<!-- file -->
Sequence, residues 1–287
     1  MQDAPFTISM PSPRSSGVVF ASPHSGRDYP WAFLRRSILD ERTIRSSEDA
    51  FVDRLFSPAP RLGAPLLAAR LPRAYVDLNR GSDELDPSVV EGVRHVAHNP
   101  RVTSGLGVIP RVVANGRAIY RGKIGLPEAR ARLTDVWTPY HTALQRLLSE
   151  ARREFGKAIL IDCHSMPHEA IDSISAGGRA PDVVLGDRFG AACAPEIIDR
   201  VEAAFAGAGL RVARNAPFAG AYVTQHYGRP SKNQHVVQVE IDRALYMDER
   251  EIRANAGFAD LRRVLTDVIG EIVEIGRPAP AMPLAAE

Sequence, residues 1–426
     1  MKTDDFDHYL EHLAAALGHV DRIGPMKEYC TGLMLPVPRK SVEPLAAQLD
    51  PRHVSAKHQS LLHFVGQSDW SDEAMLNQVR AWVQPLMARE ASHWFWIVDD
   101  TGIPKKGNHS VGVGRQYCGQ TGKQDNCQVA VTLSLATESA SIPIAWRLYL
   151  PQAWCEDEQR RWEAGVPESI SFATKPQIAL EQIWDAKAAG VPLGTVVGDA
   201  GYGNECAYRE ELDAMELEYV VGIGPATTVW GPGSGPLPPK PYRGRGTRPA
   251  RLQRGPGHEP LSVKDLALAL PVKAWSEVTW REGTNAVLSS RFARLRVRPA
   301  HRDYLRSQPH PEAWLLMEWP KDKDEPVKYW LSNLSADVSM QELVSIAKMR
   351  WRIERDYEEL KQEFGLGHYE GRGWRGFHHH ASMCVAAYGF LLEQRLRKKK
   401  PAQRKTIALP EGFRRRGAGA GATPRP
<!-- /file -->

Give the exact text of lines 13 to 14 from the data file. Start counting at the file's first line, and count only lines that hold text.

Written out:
   201  GYGNECAYRE ELDAMELEYV VGIGPATTVW GPGSGPLPPK PYRGRGTRPA
   251  RLQRGPGHEP LSVKDLALAL PVKAWSEVTW REGTNAVLSS RFARLRVRPA